Jesus models how to use Scripture in our lessons. Jesus quoted the Old Testament with great frequency. I did a rough count of the times in the Gospels when Jesus refers to the Old Testament and found more than 60 instances.
Jesus was quoting from Deuteronomy 6:4-5 and Joshua 22:5 when he spoke about the greatest commandment: “Love the Lord your God with all your heart and with all your soul and with all your mind and with all your strength.” And when he spoke of the second commandment that is like the first, he said: “You shall love your neighbor as yourself.”
There he was quoting from Leviticus 19:18. Another example is when he was on the road to Emmaus with the two disciples. The Gospel of Luke describes the scene: “Then, starting with Moses and going through all the prophets, he explained to them the passages throughout the scriptures that were about himself” (Luke 24:27).
Four ways to use Scripture with students
1. Preparation. When you prepare for your lesson, be sure to do the following:
- Ask the Holy Spirit to guide you.
- Read the Scripture reference related to your lesson. (If you use a textbook, there
are usually several recommended scriptural references. Read them and see how you might bring them into your lesson.)
Read the Catechism with regard to the subject matter you are teaching. For example, if your lesson is on the Sacrament of Reconciliation, check out paragraphs 1422–1484. Within those paragraphs, there are approximately 70 scriptural references. This is true throughout the Catechism. The footnotes are packed with scriptural references illustrating how the Catechism also is “soaked in Scripture.”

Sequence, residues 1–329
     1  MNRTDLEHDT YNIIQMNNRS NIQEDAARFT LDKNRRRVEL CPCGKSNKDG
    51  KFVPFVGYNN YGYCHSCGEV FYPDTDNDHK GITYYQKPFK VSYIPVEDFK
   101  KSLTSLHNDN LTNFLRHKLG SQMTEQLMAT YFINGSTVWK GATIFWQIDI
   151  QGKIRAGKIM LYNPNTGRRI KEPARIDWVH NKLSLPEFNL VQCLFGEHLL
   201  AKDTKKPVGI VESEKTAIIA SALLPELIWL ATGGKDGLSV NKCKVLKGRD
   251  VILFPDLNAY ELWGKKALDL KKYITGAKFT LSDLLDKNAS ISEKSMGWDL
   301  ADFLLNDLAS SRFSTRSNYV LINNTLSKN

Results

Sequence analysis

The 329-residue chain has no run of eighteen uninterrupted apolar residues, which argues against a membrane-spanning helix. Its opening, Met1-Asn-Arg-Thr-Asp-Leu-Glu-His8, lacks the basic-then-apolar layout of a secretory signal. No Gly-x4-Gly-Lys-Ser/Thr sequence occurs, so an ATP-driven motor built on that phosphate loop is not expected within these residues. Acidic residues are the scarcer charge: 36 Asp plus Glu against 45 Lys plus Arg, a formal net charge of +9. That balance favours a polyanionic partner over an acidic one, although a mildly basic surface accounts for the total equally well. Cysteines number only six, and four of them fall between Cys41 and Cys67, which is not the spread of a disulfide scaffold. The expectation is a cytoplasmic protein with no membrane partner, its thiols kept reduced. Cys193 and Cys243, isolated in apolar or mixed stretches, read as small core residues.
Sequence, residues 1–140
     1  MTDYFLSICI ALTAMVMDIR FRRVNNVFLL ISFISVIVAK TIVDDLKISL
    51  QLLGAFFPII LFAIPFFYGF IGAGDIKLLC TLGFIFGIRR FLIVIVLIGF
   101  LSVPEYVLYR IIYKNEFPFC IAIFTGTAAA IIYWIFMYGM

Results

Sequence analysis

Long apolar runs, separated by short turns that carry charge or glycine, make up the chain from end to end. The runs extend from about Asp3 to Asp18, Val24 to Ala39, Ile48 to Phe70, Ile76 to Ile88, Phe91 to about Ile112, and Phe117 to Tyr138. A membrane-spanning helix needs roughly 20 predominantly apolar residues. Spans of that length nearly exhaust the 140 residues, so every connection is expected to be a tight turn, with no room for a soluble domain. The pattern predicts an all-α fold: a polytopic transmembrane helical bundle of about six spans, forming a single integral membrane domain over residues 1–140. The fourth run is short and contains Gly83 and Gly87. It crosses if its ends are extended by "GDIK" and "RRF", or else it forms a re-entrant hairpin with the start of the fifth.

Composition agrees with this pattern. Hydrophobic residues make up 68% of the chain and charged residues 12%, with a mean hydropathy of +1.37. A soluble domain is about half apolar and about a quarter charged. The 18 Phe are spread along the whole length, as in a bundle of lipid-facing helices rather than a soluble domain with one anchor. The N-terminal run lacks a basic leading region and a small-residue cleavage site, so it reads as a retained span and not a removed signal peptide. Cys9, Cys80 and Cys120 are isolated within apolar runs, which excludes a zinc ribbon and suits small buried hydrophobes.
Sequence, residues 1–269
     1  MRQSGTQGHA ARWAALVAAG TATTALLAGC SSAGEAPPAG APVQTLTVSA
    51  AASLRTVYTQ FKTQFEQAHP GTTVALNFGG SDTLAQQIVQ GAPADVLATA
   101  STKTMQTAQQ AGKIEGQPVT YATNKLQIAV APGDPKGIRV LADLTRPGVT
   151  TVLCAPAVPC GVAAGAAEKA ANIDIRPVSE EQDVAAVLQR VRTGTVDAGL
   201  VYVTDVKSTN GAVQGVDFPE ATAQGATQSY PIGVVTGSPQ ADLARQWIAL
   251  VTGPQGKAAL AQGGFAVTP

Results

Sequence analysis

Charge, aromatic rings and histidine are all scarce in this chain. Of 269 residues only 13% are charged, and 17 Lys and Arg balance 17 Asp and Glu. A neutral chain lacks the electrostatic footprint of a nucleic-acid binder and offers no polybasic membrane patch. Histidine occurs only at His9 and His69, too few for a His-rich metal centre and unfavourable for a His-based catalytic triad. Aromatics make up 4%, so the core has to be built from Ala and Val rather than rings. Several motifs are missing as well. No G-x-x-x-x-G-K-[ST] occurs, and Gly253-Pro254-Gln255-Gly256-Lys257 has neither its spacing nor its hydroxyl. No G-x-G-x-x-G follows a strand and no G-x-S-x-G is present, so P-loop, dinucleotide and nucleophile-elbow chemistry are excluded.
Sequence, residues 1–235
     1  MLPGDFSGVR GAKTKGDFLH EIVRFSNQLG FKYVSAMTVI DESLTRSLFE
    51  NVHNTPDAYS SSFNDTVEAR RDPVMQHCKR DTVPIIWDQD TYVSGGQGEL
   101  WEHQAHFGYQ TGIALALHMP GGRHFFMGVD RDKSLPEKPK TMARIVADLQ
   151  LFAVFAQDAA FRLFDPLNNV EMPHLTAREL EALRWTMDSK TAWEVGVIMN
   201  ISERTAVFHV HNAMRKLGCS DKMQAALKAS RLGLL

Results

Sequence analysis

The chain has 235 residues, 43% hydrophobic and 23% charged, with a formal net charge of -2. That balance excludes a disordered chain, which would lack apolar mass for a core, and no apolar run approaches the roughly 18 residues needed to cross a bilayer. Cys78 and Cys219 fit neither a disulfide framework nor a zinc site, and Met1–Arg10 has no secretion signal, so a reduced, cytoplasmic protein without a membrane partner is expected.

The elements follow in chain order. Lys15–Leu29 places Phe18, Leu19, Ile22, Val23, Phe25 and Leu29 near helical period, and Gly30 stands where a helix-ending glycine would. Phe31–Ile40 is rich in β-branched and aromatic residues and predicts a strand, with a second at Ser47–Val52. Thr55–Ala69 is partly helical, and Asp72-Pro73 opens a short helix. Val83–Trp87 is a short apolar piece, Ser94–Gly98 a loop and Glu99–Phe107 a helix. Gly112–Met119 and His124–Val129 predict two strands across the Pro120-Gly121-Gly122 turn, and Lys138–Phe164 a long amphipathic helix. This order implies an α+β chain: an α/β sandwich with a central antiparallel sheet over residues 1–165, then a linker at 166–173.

2. Use Scripture during your opening prayer. Choose a Scripture that connects with the lesson of the day or the liturgical season and the feast or memorial of that day. This helps students see how important it is to turn to God and seek his wisdom and guidance.
3. Have students look up Scripture. Too often, textbooks paraphrase the Scriptures. Although we want to meet our students at their developmental level, try going to Sacred Scripture directly, not using a paraphrase or a “children’s translation.” The primary way to help students become familiar with the Bible is to have them look things up themselves. It may take a little longer to move forward with your lesson, but it is well worth it. When students are looking up Scripture verses, they are learning how to use the Bible and understanding how each lesson is rooted in God’s Word.
4. Close your lesson in prayer using Scripture. Seeking God at the end of your class time through prayer until you meet again — drawing upon the Word of God to direct and lead them — is important. Try assigning students Bible verses to look up and pray with this
week. For example, I’ve asked students to read Psalm 23 every day in the coming week
to see what God is saying to them through it. I also encourage them (and their parents) to read and reflect on the Sunday Mass readings.
All catechists are called to put their efforts into assisting students to become soaked in the Sacred Scriptures. St. Paul spoke of the Word of God as “living and effective, sharper than any two-edged sword, penetrating even between soul and spirit, joints and marrow, and able to discern reflections and thoughts of the heart” (Hebrews 4:12). As catechists, we must be rooted in Scripture so that our lessons may be filled with God’s Word. May the students you teach see your love for God’s revelation through the Scriptures.
William O’Leary lives in Kansas with his wife and three children. He is the Director of Religious Formation for a large parish in Overland Park, Kansas. Over the last 20 years, his work in pastoral ministry has explored ways to draw parents and their children into the practice of their faith. His blog is RelevantCatechesis.com.
This article originally appeared in Catechist, September 2018.
Images: Richard Lowthian, Shutterstock and Mikdam, istock